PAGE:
Lawmakers approved a motion calling for a parliamentary committee to determine whether Johnson’s denials of rule-breaking amounted to a contempt of the House of Commons in light of his subsequent police fine for breaching regulations.
The motion was passed without any opposition after the government abandoned an earlier attempt to delay any decision on whether or not to hold the investigation.
The move, approved by cries of “aye” and without a formal vote in the House of Commons, means parliament’s Committee of Privileges will investigate whether Johnson knowingly misled parliament — historically a resigning offense if proven.
The probe piles more pressure on a Conservative prime minister whose grip on power has been shaken by claims he flouted the pandemic rules he imposed on the country, then repeatedly failed to own up to it.
Johnson’s Conservatives have a substantial majority in parliament, but many lawmakers are uneasy with the prime minister’s behaviour. The government initially said it would order Conservative lawmakers to oppose Labour’s motion, but later backtracked in the face of party disquiet and gave them a free vote.
Johnson wasn’t attending the vote on a scandal that has rocked his leadership of the country and the Conservative Party. He was more than 4,000 miles (6,400 kilometers) away in India, insisting he wanted to “get on with the job” of leading the country.
First British PM to break the law while in office
Johnson was fined 50 pounds ($66) by police last week for attending his own birthday party in his office in June 2020, when people in Britain were barred from meeting up with friends and family, or even visiting dying relatives.
Johnson is the first British prime minister ever found to have broken the law while in office.
He has apologised, but denied he knowingly broke the rules. Johnson’s shifting defense — initially saying there were no illegal gatherings, then claiming it “did not occur to me” that the birthday event was a party — has drawn derision and outrage from opponents, who have called for him to quit.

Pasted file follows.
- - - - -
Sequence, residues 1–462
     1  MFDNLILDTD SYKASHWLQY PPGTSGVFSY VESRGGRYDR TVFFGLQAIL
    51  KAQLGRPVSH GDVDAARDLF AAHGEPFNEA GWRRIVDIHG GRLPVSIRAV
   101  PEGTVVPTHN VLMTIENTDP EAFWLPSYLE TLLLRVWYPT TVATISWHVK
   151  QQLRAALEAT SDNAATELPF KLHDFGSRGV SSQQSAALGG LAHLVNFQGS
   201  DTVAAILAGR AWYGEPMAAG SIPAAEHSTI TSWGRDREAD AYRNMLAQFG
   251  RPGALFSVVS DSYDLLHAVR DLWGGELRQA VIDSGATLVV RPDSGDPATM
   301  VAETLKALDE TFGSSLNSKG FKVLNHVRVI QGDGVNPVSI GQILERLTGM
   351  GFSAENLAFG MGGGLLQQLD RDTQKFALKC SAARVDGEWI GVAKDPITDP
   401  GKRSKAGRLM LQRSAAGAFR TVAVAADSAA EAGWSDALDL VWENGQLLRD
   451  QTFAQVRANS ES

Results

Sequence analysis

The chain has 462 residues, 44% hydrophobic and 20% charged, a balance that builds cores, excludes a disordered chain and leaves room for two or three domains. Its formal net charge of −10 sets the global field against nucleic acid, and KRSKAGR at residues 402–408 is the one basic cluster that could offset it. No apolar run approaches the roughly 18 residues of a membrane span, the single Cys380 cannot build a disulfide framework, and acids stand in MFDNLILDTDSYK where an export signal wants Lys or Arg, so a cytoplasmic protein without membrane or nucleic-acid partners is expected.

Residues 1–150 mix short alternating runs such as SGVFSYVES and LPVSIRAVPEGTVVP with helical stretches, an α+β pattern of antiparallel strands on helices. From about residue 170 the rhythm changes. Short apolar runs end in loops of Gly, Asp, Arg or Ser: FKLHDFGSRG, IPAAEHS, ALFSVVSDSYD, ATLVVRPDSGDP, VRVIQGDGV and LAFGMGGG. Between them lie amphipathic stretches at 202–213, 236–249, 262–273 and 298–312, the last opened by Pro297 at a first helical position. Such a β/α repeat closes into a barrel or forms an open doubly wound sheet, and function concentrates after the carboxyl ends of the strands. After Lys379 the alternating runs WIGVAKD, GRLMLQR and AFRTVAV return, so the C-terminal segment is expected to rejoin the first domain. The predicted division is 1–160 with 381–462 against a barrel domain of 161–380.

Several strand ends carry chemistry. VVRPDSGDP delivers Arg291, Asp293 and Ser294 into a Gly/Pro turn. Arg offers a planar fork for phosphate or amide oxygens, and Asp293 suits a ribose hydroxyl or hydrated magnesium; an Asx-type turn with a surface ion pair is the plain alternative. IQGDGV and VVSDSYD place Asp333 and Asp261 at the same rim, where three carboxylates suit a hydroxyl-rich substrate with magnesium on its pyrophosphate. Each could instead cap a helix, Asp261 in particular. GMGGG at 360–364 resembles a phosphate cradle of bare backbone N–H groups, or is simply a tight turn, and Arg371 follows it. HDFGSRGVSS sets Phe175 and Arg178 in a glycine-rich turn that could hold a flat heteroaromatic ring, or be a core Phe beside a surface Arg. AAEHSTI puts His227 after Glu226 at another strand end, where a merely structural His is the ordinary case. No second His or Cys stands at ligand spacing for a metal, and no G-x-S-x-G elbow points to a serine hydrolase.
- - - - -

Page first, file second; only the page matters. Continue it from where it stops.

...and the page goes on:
“The truth is simple and it’s this – he lied to avoid getting caught, and once he got caught, he lied again,” Scottish National Party lawmaker Ian Blackford said in the House of Commons.
Usually lawmakers are forbidden from accusing one another of lying, but Blackford was not reprimanded by the Speaker.
A growing number of Conservatives are uncomfortable about defending a leader who broke rules he imposed on the country. Until now, many have indicated they will wait and see whether public anger translates into losses for the party at local elections on May 5.
A few have called openly for Johnson to go, and the number is growing.
“It is utterly depressing to be asked to defend the indefensible,” said Conservative legislator William Wragg. “Each time part of us withers.”
Lawmaker Steve Baker, until now a prominent supporter of Johnson, said that Johnson “should be long gone” for violating the “letter and spirit” of the rules.”
Johnson and his allies argue that it would be reckless for the country to change leaders now amid the war in Ukraine and a cost-of-living squeeze sparked by soaring prices for energy and food.
As he flew out to India for a two-day visit focused on boosting economic ties, Johnson again denied knowingly misleading parliament and insisted he would lead the Conservatives into the next national election, due by 2024.
He said aboard his plane to the western Indian state of Gujarat that there might be “some imaginary circumstances in which I might have to resign, but I don’t propose to go into them. I can’t think of them right now.”